Friday, November 29, 2013
Chanuka 5631 3rd Night First Ma'amar
The Talmud mentions two opposing views regarding which side of the doorway to light the Chanukah candles. The Sfas Emes explains this debate. He notes the pasuk in Mishlei (3:16), “אֹרֶךְ יָמִים בִּימִינָה בִּשְׂמֹאולָה עֹשֶׁר וְכָבוֹד/Length of days is in its right hand; in its left hand are riches and honor.” Right and left are common analogies for the principle aspect of something vs. a related aspect of secondary importance. Consequently, Chazal teach us that the first part of this pasuk refers to the next world while the second part of the pasuk refers to this world. This world is a tool for us to reach the next world. This world is subordinate to the next world.
“Left” also suggests pushing away. Chazal teach us regarding the relationship between a teacher and student or a mother and child that one should use the left hand to push away and the right to bring close. If pushing away is called for, it should be done with the weaker hand. Bringing close should be done with the stronger hand. This world was created primarily to give us the opportunity to push away and subordinate the transient in favor of the holy.
Since the right represents strength and permanence, we place the mezuzah on the right side of the doorway. This also explains the view that we light Chanukah candles on the right side of the doorway. However, the halachah follows the other view of lighting on the left side of the entrance. Why? In order to understand this we must understand the main point of the mitzvah of lighting Chanukah candles. The principle spiritual effect of this mitzvah is to displace spiritual darkness with spiritual enlightenment. This was the effect of the original miracle and continues to be the effect of the mitzvah each year. The left side represents spiritual darkness. This is why we light specifically on the left side. It is there that the spiritual power of this mitzvah is needed and is effective. It is specifically in the spiritual darkness represented by the left side that there is room for us to rectify the world and ourselves.
Rashi explains the redundancy in the pasuk, “יְמִינְךָ ה' נֶאְדָּרִי בַּכֹּחַ יְמִינְךָ ה' תִּרְעַץ אוֹיֵב/Your right hand, God, is most powerful; Your right hand, God, crushes the foe.” (Shmos 15:6) Rashi says that when revenge is taken against the wicked even the “left” becomes the “right.” The significance of the “left” becoming the “right” is spiritual light vs. spiritual darkness. Adding to God’s honor and glory is symbolized by the “right.” Lighting Chanukah candles on the left side of the doorway represents bringing spiritual light to the left side thereby turning it into the “right side.”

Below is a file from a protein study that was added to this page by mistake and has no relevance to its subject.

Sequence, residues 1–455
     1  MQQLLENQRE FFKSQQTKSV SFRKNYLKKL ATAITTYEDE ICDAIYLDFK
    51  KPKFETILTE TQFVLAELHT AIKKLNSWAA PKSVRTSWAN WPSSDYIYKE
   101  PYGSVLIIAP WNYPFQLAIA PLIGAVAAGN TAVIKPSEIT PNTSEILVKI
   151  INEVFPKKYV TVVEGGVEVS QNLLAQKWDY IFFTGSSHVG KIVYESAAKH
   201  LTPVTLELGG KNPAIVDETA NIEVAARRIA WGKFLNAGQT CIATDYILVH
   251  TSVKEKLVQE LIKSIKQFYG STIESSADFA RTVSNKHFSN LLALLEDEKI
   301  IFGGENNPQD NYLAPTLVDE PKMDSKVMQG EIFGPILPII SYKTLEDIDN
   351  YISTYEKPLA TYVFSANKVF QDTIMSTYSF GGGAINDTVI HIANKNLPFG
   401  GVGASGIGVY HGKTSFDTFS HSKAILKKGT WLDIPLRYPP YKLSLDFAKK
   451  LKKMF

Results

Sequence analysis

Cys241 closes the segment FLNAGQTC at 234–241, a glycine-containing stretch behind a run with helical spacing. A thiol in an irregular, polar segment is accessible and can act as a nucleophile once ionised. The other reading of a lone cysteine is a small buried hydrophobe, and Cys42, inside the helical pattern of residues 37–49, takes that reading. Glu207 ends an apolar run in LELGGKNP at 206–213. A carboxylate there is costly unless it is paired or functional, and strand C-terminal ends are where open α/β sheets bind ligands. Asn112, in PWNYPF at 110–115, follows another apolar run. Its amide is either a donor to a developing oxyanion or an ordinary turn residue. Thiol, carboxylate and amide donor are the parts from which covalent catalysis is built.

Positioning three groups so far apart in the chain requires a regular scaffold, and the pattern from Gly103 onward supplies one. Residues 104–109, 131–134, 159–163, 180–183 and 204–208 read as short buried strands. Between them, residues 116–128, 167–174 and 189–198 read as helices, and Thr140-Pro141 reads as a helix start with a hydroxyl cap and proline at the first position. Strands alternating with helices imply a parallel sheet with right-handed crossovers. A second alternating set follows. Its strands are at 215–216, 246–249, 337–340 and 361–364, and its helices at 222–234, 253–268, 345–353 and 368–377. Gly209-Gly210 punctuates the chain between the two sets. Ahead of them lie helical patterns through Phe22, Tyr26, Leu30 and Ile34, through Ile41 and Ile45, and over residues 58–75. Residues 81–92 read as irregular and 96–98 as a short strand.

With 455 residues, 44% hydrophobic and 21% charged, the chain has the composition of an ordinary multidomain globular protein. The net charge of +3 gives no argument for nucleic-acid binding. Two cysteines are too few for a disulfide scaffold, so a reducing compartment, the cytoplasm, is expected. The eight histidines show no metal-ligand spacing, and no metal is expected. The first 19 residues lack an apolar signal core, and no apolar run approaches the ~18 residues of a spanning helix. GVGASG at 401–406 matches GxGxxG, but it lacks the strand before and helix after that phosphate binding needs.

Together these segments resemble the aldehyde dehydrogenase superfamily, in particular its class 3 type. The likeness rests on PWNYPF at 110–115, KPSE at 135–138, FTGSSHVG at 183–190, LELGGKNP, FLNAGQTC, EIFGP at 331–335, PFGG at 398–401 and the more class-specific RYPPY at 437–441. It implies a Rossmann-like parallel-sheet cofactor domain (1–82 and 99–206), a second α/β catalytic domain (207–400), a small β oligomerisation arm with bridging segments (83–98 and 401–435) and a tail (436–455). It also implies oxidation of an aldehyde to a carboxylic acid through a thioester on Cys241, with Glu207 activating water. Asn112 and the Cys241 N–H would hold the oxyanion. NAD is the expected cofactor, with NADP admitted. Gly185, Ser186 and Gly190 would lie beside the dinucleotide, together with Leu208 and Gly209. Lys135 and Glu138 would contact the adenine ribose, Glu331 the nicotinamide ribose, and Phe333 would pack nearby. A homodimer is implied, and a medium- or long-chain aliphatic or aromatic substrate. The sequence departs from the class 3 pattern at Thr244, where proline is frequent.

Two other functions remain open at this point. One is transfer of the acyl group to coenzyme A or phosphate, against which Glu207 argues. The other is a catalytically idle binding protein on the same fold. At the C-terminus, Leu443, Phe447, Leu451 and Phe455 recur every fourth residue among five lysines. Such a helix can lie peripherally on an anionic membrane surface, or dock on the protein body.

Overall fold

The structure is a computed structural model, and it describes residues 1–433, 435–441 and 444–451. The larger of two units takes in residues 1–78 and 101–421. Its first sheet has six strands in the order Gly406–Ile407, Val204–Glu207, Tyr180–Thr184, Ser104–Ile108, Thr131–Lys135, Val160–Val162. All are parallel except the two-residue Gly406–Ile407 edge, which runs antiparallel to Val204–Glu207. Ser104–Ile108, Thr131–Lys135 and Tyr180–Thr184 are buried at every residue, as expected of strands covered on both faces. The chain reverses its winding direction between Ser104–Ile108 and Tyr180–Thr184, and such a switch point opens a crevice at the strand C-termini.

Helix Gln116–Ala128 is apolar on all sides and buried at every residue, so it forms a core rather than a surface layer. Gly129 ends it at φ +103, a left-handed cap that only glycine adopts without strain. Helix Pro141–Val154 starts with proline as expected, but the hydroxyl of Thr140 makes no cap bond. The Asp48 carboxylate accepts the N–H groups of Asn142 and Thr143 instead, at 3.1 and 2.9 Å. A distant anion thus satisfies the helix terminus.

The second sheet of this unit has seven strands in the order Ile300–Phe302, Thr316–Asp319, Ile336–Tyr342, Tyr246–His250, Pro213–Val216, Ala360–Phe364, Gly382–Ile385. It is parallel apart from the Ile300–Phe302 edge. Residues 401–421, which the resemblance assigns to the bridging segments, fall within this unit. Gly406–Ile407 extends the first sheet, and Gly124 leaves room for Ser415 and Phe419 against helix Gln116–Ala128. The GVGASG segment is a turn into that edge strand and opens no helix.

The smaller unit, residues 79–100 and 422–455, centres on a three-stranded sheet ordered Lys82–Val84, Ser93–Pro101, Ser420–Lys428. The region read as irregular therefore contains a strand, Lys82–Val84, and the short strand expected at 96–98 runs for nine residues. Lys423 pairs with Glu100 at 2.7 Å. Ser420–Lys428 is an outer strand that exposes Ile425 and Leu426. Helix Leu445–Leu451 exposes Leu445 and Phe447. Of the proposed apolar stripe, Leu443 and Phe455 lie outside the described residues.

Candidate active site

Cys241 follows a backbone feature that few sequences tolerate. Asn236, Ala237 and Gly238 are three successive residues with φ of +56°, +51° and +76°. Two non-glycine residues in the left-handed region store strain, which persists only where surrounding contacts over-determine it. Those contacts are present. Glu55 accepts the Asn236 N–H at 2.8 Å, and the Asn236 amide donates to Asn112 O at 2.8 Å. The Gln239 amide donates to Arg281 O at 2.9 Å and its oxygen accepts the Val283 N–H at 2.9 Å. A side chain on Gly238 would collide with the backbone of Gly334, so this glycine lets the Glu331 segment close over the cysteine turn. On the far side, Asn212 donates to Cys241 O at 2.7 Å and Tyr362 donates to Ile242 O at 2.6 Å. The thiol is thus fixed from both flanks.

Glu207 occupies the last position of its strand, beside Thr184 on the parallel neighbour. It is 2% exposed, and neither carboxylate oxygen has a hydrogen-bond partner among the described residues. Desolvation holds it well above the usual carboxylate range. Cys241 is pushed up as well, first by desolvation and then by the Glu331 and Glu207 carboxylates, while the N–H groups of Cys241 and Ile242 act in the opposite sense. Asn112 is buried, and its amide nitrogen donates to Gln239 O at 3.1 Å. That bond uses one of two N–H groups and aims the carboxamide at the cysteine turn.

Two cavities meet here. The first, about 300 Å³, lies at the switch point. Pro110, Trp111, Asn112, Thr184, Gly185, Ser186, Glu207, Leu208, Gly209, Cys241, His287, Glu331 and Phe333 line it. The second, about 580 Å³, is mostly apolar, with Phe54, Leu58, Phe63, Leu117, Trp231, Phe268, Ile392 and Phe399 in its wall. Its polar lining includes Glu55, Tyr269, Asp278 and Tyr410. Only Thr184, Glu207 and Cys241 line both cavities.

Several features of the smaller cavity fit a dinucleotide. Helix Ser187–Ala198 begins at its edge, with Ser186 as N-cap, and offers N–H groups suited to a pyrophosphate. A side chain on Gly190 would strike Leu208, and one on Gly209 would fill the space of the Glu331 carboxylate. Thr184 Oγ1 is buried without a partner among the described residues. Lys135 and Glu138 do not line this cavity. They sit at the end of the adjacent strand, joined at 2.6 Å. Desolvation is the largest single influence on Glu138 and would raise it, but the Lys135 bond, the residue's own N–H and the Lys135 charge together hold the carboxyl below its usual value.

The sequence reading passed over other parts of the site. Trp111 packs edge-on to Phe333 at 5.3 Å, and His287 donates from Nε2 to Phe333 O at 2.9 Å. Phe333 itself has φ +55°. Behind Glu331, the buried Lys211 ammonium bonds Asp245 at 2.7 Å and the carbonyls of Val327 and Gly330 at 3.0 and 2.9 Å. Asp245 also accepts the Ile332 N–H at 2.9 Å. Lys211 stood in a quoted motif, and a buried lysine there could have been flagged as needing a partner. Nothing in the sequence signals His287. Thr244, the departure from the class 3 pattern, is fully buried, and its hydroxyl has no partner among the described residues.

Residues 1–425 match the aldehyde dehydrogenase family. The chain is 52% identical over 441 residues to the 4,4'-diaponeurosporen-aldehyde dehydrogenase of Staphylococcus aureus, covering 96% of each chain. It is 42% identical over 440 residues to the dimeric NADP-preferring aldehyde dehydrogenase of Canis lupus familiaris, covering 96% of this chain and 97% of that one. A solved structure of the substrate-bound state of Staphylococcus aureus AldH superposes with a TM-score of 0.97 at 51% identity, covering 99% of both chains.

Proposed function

There is an obvious connection between the first half of the pasuk in Mishlei and the mitzvah of mezuzah. The mezuzah is attached to the right doorpost and the pasuk in Mishlei states, “אֹרֶךְ יָמִים בִּימִינָה .../Length of days is in its right hand …” Regarding the mitzvah of mezuzah the Torah states, “לְמַעַן יִרְבּוּ יְמֵיכֶם ... /In order to lengthen your days …” (Devarim 11:21) The mitzvah of mezuzah lengthens our days and is therefore on the right side which is also associated with a long life. However, why does the pasuk in Mishlei associate the left side with riches and honor?
In order to answer this question we first need to understand what wealth means. Chazal teach us that a wealthy person is one who is happy with his lot. The Maharal explains that the mishnah is giving us a definition of a wealthy person. A definition must relate only to the person and not to any external cause. An external effect cannot be considered a integral definition. This is why the mishnah does not say that a wealthy person is someone with lots of money. Having lots of money, in and of itself, does not automatically define a person as rich. He could have been born into a family with lots of money. He could have won a lottery ticket. In either case, the fact that he has a lot of money does not define him. It is an external effect which comes and goes. Only that which comes from within us - our outlook and actions - can define us. The mishnah teaches us that this outlook is our attitude towards our assets.
This is why the mishnah brings as a proof the pasuk, “יְגִיעַ כַּפֶּיךָ כִּי תֹאכֵל אַשְׁרֶיךָ וְטוֹב לָךְ/If you eat the toil of your hands, you are praiseworthy, and it is good for you.” (Tehillim 128:2) A person can be defined as wealthy if he eats from the labor of his own hands. A person who was born into wealth is not necessarily a wealthy person. This is God given money. God gives each of us exactly what we need. Wealth is that which we have that is beyond our needs.
The Sfas Emes explains that this definition of wealth refers not only to money. It applies to every aspect of our lives. Every action that replaces spiritual darkness with spiritual light, every action that turns the “left” into the “right”, every action whose result is a rectification, adds to our “wealth and honor.” This is why the end of the pasuk in Mishlei associates the left with riches and honor. The riches and honor are the result of our actions, not what God gives us unconditionally.
May we all merit, through our actions, especially the mitzvah of lighting Chanukah lights to supplant darkness with light, to turn the “left” into the “right.”